I know I’ve talked about it before, but I continue to see both adoption agencies and adoptive parents speak on what adoption was like back in the 50’s and 60’s. They blithely state misinformation, as if, it was fact.
People think of closed adoption as it was in the fifties and sixties, when adoptive parents were counseled to basically pretend that the family was biological… but that is not the way you are going to approach this situation. You will be open with your child about how you became a family, and you will always speak respectfully of his/her bio-family, even as you wish that things were different. (source)
No, they weren’t counselled to pretend that the family was biological any more than adopting parents are counselled that today. Just like today, there are people who adopt and don’t tell their child they’re adopted, some didn’t in the 50’s and 60’s either. There have been families in every decade who have mistakenly decided not to tell their child they are adopted.
What some adoption professionals and adoption agencies did try to do in the 50’s and 60’s was to place infants in homes where they matched the adoptive parents in looks and intellect so they appeared to be a biological family, this had been the trend most of the century. The concept of confidentiality and anonymity was also a big part of the landscape that aimed to protect the adoptive family in the 50’s and 60’s. Both of those practices are a far cry from being counselled to pretend they were biological families.
By midcentury, anxiety about telling was a big enough problem that many agencies required adopters to pledge, in writing, that they would tell. How-to-tell conversations became routine parts of the adoption process. Telling became a central ritual of adoptive family life.
Why were adoptees supposed to be told? The reason had less to do with honesty than it did with emotional inoculation against stigma. Parents would be wise to tell children about their adoptions with kindness and love before they learned the truth from unfeeling relatives, nosy neighbors, or cruel classmates. Behind telling was the hope that convincing children early on of their selected status would protect them from the painful realization that many people considered adoption second-rate. (source)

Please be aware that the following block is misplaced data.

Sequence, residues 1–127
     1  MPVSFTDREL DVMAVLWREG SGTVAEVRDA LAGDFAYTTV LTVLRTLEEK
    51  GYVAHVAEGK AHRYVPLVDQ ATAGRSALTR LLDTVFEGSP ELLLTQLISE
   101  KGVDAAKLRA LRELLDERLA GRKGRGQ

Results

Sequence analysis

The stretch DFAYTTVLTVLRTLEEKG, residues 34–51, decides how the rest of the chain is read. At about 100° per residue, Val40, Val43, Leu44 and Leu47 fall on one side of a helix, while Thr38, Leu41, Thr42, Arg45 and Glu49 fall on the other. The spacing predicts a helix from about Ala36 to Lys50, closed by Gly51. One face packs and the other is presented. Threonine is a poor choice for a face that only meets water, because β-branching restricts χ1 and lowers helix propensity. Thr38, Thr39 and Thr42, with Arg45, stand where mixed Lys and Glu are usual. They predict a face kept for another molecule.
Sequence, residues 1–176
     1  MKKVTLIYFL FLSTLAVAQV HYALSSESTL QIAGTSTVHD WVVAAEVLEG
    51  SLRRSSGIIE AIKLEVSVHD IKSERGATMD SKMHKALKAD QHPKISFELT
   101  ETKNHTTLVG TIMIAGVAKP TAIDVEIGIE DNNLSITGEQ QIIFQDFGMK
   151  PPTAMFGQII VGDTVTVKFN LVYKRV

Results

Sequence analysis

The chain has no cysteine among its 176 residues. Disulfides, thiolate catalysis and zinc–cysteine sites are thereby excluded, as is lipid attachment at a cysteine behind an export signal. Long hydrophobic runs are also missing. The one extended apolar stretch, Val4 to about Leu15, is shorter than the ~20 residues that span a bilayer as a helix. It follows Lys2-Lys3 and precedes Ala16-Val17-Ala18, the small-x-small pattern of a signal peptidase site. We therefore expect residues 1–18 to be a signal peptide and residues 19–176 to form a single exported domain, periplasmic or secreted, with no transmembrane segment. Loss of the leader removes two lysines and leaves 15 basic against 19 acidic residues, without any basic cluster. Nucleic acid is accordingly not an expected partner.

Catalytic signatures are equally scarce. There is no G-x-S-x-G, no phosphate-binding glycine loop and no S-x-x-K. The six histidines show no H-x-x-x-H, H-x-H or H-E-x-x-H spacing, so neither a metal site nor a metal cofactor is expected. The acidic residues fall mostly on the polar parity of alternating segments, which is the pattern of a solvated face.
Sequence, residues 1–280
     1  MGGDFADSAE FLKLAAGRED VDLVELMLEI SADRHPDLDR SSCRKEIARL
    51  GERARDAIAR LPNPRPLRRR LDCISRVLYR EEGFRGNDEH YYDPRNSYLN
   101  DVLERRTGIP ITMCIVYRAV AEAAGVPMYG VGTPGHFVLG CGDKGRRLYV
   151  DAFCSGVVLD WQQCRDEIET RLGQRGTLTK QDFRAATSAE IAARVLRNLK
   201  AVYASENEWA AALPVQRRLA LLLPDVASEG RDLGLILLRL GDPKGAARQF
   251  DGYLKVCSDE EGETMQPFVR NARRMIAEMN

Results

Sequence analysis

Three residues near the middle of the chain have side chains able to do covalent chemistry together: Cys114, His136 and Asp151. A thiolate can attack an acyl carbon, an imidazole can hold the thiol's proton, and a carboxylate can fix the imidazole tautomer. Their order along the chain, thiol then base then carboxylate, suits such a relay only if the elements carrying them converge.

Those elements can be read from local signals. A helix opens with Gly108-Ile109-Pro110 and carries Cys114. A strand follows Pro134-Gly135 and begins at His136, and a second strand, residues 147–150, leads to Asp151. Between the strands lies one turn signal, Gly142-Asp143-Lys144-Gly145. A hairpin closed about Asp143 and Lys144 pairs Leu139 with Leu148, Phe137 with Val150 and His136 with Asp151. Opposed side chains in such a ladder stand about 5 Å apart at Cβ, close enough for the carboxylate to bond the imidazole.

The 50’s and 60’s was also part of the era that first amended birth certificates and sealed the original from public scrutiny. A practice most adoptive parents today still want, so would you say adoptive parents today are pretending they are biological families with the amended birth certificate, or would you say, they do that to protect the child and the family from unwanted stigmatization?
While the 50’s and 60’s were predominantly closed adoptions, open adoptions started in the early 1970’s and continued to gain traction. Associations were formed; the Adoptees’ Liberty Movement Association (ALMA) was formed by Florence Fisher in 1971, Concerned United Birthparents (CUB) was formed in 1976 by Lee H. Campbell that by 1981 was nationwide, the American Adoption Congress was formed in 1978.
Did adoptive parents in the 50’s and 60’s know what parents today know about the seven core issues adoptees may face? No, because that level of information wasn’t available. Did they have an idea there could be issues or a need to search? Those with common sense did, others, perhaps not. The same can be said today, why adoption forums discussions have those who accept being adopted comes with common feelings to process, and those who don’t believe that. Those who believe an adoptee searching has nothing to do with their relationship with their parents, and those who still believe only maladjusted adoptees search. The difference? Parents from the 50’s and 60’s who may not have realized all the different ways being adopted can be hard, or the need to search has nothing to do with their family, get a pass because the studies weren’t available. Today’s parents won’t be given that grace when the information is readily available to all, and yet, is still disregarded by some.
The Development of Adoption Law by Alice Bussiere, JD
Family Matters: Secrecy and Disclosure in the History of Adoption By E. Wayne Carp